Saint Sithney

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Saint Sithney
Born ?
Died ?
Venerated in Catholic Church
Feast August 4
Patronage invoked against rabies; Sithney, Cornwall

Saint Sithney (Breton: Sezni Saint) (date unknown[1]) is the patron saint of mad dogs.

A Breton folk story,[1] an adaptation of a tale associated with Ciarán of Saigir,[1] states that God asked Sithney to be the patron saint of girls seeking husbands, but Sithney said he would rather be the patron saint of mad dogs and get some rest.

He is the patron saint of Sithney, Cornwall, United Kingdom and is invoked for help against rabies and mad dogs and for healing of mad dogs. He was also venerated at Guissény, Brittany, and at a number of other places in Brittany.[1] The legends of St Sezni were compiled by Albert Le Grand in 1636 and a Breton translation of this was published in 1848 as Buez Sant Sezny.[2] William Worcester recorded in 1478 that the body of the saint lay within the church of Sithney.[3]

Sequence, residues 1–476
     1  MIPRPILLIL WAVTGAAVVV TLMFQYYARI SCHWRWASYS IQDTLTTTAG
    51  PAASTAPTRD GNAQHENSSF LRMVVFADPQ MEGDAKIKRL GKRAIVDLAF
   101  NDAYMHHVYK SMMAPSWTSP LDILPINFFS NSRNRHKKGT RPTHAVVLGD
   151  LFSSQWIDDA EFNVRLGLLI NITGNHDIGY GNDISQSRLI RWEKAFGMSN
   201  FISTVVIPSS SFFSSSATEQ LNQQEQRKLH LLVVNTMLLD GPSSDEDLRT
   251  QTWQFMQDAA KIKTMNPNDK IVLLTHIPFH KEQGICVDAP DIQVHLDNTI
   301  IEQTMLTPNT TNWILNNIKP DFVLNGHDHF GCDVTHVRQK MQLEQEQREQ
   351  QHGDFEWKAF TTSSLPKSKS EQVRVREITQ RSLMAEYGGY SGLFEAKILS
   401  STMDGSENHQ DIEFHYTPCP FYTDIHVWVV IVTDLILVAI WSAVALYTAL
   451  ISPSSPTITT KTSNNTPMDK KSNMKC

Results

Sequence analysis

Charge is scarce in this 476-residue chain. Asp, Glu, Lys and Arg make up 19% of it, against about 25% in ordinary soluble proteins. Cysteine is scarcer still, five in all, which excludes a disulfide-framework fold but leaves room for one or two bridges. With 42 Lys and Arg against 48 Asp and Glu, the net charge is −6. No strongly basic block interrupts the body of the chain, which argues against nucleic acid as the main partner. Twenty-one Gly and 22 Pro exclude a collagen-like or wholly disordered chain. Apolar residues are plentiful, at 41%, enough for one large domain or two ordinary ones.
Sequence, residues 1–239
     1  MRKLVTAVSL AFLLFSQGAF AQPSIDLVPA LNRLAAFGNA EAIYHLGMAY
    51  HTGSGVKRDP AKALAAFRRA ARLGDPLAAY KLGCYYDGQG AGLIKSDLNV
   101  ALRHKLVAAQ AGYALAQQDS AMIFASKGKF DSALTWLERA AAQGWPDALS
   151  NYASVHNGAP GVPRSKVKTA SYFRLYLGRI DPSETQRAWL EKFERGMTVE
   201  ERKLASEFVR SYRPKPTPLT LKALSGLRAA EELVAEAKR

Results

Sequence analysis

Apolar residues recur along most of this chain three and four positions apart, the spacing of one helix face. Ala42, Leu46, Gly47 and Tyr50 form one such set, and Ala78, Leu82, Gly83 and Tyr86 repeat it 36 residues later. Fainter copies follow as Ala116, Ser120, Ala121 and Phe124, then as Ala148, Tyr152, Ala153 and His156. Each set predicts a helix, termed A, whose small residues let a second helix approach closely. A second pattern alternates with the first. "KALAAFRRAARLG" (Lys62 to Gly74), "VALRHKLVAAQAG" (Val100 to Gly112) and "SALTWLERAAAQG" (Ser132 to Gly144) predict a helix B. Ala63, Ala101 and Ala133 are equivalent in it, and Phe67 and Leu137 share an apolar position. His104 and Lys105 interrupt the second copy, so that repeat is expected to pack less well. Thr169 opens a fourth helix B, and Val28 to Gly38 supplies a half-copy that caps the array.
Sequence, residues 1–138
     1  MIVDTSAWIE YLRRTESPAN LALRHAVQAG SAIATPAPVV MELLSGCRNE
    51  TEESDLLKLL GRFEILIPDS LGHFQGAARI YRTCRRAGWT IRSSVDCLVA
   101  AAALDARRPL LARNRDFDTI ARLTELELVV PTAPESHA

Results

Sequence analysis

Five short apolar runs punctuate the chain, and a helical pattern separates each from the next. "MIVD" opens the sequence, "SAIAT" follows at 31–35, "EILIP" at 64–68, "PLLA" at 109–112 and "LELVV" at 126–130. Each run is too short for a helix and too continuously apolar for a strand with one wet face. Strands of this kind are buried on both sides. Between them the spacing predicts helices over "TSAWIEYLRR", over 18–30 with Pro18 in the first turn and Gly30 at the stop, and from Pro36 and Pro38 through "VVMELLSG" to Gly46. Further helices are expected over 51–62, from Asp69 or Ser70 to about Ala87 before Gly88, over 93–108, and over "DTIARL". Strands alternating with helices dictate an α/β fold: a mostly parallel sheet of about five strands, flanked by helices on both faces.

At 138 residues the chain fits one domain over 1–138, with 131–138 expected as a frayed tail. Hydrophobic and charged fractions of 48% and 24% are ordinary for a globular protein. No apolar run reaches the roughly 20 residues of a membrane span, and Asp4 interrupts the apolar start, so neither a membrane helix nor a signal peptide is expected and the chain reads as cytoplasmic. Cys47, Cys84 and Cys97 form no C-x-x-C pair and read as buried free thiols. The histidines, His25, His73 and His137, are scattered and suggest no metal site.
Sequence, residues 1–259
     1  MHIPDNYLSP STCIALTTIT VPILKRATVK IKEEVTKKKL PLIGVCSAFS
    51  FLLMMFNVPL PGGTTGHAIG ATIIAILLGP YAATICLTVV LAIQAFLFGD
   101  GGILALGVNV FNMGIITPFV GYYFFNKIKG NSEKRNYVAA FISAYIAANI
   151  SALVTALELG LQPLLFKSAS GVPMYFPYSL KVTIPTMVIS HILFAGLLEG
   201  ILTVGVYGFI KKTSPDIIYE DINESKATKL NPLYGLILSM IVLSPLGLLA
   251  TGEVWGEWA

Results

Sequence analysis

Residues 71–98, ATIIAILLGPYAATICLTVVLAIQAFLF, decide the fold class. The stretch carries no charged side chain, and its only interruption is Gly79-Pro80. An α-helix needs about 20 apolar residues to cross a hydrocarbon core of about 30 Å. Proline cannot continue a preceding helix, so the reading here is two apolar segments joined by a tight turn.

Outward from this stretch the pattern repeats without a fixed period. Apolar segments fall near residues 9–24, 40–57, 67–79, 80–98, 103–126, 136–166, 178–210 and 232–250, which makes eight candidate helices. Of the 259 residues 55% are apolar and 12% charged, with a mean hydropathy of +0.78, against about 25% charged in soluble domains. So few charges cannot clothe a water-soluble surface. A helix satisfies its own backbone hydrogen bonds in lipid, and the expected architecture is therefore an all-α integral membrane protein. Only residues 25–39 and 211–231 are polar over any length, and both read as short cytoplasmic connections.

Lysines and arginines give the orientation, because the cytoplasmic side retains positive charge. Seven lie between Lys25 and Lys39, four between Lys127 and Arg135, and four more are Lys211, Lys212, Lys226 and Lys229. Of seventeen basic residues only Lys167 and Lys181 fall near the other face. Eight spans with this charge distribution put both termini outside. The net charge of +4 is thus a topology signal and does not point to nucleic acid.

1. ^ a b c d Saint Patrick Catholic Church: Saint of the Day, August 4 Retrieved 2012-02-26.
  2. ^ Doble, G. H. (1962). The Saints of Cornwall Part 2. Truro: Dean and Chapter, pp. 3–14
  3. ^ Cornish Church Guide (1925) Truro: Blackford; p. 195

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